Back in the 1990’s and early 2000’s timeshares were all the rage. Pay an upfront fee and a small annual maintenance fee and you had your annual vacation booked. But the advantages of timeshares typically end there.
Below are 4 dangers of timeshares that you need to be aware of before buying into one.
4 Dangers of Timeshares
- Costs and Fees
As I mentioned, to get into a timeshare, you have to pay an upfront fee. This can be as high as $20,000. Luckily, this is just a one-time fee and with it, you get to vacation at a specific resort for one week out of the year. Typically, it’s the same week every year.
From there, the only additional cost you have is the annual membership or maintenance fee. This fee is usually around $200-$300. While this doesn’t sound bad, I haven’t gotten to the bad parts yet. First, the membership fees tend to increase on an annual basis. After all, as properties get older, they need more maintenance and in some cases, more costly maintenance.
I know of someone who has held a timeshare for 15 years. The annual maintenance fee started out at $200. It is currently $850. That is a decent amount of money.
But the fees don’t stop there. What if you want to go to a different resort for a different week? Luckily there are exchange programs. You can give the exchange program your week at your “home” resort and get a like-valued week at another resort. But with this comes fees. You have to pay a fee to the exchange company plus a transaction fee for the exchange. The annual fee to the exchange company is around $125 and the transaction fees range from $50 to $500!
Another danger is the availability of more popular destinations. When I was younger, a friend’s family had a timeshare. In order to go to a popular destination like the Caribbean, they had to book the week two years in advance. To me, this is crazy. I don’t know what I am doing next month let alone 2 years from now!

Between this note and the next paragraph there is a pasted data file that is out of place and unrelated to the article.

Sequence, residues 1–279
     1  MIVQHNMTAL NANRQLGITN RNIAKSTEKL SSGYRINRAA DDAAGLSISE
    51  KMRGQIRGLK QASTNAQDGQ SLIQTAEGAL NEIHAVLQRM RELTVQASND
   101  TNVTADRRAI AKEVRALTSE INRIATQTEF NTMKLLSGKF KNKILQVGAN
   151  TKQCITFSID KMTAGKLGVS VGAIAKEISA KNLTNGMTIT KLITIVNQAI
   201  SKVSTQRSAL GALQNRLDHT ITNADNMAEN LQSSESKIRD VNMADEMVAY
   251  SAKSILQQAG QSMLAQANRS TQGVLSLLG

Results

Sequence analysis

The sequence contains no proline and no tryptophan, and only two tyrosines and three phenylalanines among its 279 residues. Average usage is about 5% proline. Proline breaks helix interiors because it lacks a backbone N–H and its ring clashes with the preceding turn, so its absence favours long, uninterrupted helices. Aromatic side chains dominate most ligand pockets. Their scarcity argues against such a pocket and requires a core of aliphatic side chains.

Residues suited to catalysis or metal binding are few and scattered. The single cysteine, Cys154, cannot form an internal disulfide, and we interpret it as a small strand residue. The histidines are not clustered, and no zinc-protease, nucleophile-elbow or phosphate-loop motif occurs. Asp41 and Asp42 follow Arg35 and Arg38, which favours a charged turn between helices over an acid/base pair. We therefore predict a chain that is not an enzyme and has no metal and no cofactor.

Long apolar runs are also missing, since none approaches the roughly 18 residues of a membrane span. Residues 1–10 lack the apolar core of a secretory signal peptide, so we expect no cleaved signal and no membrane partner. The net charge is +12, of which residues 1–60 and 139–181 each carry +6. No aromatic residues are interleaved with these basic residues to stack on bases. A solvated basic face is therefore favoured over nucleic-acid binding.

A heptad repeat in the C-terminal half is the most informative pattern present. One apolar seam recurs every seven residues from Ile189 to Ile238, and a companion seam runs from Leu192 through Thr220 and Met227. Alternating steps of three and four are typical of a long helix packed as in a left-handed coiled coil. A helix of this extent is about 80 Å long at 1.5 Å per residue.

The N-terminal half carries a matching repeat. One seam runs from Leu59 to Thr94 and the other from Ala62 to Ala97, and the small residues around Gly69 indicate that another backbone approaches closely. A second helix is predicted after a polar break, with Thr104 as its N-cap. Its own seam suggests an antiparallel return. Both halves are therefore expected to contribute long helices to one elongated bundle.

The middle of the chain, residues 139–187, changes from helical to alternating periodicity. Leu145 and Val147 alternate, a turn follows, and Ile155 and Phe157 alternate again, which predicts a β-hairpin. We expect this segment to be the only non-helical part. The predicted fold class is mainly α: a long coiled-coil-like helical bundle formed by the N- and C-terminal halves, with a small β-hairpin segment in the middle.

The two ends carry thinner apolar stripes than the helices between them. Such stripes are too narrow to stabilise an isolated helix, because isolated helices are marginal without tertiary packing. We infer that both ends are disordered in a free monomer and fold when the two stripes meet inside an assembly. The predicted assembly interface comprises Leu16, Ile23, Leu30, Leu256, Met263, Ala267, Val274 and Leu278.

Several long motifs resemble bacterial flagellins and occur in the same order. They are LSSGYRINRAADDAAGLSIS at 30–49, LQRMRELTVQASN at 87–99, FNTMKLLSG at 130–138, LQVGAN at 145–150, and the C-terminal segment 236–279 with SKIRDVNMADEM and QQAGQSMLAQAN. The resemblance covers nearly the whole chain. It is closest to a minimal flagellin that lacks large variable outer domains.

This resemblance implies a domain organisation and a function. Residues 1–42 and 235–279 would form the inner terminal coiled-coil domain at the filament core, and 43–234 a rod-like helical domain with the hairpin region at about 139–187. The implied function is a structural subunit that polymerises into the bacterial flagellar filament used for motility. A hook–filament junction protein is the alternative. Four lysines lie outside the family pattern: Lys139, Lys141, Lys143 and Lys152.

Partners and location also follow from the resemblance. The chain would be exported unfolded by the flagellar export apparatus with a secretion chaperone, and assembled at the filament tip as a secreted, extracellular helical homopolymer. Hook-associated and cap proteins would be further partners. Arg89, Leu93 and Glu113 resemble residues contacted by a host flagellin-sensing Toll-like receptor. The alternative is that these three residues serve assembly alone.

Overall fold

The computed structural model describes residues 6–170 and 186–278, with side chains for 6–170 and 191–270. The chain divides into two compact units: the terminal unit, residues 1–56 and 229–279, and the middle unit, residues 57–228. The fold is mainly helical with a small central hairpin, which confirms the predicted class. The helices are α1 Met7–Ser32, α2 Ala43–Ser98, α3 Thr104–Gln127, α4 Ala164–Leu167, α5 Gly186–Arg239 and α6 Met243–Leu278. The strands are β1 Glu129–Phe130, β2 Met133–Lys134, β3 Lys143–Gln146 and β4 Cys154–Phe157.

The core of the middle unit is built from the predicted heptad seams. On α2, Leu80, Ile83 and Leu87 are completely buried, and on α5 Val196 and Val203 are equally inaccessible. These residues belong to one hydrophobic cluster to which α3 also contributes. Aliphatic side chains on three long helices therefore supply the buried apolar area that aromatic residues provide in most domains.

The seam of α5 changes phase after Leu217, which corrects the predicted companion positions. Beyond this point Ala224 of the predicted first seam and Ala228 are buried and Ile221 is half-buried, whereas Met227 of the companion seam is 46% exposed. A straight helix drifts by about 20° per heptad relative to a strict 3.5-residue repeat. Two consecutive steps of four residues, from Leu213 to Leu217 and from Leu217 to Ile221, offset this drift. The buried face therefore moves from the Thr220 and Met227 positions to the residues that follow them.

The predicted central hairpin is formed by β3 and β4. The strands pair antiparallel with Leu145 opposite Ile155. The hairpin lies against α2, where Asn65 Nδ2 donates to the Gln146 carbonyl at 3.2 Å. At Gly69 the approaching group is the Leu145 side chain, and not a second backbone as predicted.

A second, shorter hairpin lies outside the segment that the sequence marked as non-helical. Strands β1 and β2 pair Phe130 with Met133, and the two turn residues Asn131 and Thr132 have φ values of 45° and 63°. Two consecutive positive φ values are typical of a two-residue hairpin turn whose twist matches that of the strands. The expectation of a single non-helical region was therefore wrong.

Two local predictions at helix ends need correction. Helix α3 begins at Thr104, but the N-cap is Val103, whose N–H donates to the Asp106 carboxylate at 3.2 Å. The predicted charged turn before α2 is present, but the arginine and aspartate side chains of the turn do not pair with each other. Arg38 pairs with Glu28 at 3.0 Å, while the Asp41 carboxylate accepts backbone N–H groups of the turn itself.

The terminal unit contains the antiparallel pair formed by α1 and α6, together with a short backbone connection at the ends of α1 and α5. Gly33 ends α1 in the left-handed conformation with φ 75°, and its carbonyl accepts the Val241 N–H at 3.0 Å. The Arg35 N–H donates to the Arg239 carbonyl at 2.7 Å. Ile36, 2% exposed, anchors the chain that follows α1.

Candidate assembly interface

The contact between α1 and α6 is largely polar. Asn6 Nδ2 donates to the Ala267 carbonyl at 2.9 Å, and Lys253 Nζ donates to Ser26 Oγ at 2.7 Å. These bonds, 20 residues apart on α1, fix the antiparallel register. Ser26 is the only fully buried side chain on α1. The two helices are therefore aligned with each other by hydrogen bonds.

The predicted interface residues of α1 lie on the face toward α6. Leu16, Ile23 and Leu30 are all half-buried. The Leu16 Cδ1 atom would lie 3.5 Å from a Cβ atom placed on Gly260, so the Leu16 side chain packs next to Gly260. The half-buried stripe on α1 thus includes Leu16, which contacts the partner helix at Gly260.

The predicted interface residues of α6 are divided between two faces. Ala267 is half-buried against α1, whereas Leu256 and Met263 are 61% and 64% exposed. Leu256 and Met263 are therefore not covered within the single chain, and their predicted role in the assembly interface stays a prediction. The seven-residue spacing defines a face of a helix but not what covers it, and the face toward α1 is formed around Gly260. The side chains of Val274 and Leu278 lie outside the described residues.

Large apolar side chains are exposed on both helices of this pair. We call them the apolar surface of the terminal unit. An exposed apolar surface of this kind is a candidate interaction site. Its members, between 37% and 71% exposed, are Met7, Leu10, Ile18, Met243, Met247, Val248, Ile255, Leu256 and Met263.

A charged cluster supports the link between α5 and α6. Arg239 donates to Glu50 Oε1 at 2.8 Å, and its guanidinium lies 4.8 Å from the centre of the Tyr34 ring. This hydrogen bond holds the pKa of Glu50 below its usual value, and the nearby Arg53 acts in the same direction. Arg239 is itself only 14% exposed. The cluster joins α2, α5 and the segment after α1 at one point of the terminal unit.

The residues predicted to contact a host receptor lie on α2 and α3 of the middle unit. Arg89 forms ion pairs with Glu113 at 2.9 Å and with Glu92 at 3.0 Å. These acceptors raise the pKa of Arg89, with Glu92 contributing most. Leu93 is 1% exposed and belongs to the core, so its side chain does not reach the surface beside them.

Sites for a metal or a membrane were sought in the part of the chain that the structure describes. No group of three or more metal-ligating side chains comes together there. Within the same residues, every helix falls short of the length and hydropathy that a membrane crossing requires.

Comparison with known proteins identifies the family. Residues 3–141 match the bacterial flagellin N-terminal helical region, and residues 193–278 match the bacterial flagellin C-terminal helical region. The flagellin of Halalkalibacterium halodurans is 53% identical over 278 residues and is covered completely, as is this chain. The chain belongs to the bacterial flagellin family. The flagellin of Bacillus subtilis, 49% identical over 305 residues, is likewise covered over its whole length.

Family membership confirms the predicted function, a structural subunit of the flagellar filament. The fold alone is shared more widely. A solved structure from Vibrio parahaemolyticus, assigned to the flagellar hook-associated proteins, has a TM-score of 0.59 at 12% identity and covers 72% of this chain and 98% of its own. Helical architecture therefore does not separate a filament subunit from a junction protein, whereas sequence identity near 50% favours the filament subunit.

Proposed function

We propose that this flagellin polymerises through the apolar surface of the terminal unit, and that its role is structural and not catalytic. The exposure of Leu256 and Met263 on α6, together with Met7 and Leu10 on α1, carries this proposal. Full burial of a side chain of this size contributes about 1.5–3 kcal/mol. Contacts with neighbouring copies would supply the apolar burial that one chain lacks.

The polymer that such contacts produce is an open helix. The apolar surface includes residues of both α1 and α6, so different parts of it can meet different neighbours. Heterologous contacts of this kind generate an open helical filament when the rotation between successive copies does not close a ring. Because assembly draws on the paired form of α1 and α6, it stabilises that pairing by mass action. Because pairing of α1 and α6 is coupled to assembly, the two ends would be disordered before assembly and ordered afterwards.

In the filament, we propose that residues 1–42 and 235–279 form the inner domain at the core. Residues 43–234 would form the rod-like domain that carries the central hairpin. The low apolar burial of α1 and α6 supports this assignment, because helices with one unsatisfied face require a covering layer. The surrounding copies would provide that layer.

- Hard To Dispose Of
Most time shares have no expiration date. This means that you own it for life. Even scarier is that some timeshares now have a clause that they will pass along to your children when you pass away. So, regardless if you take a vacation, you are paying the annual maintenance fee. If you lose your job, you still have to pay the annual maintenance fee. Because of this, it is important that you do the math before signing on the dotted line.
- Scams Galore
Because it is so hard to dispose of your timeshare, there are scams everywhere. You can spot many of these scams because they will ask for an upfront fee before doing anything. This should be a huge red flag to you. Never pay to get rid of your timeshare until it is actually sold.
Additionally, there are some sites that will auction off your timeshare for you. But again, many of these companies never guarantee a sale and will require you to pay to sign up to become a member of the auction site and will have you pay listing fees as well.
Compare Timeshare Costs to Vacation Costs
Before you buy a timeshare look into what the maintenance fee is annually and run it out 15 years or so by increasing it by 3% for inflation. Then look at how much you tend to spend on a vacation and how often you go and compare that not only to the maintenance fee, but also the upfront cost and the costs associated with exchanging your week for a week somewhere else.
I am not here to tell you to never get involved in a timeshare. I am here to tell you to think hard, ask lots of questions, and run your own numbers. Many times, the timeshares will hard sell you and put pressure on you to make a decision on the spot. This is another red flag. Take your time and do your own math.
Many times you will find that a timeshare just isn’t worth it. There are some good ones out there, you just have to find them. I know a couple that have owned a timeshare for close to 20 years. They love going back to the same place. To them it never gets old and it’s the best money they spent. Do your homework so that your timeshare experience can be just as pleasurable. You don’t want to make a quick decision and then regret it while on vacation every year.
What is your experience with timeshares?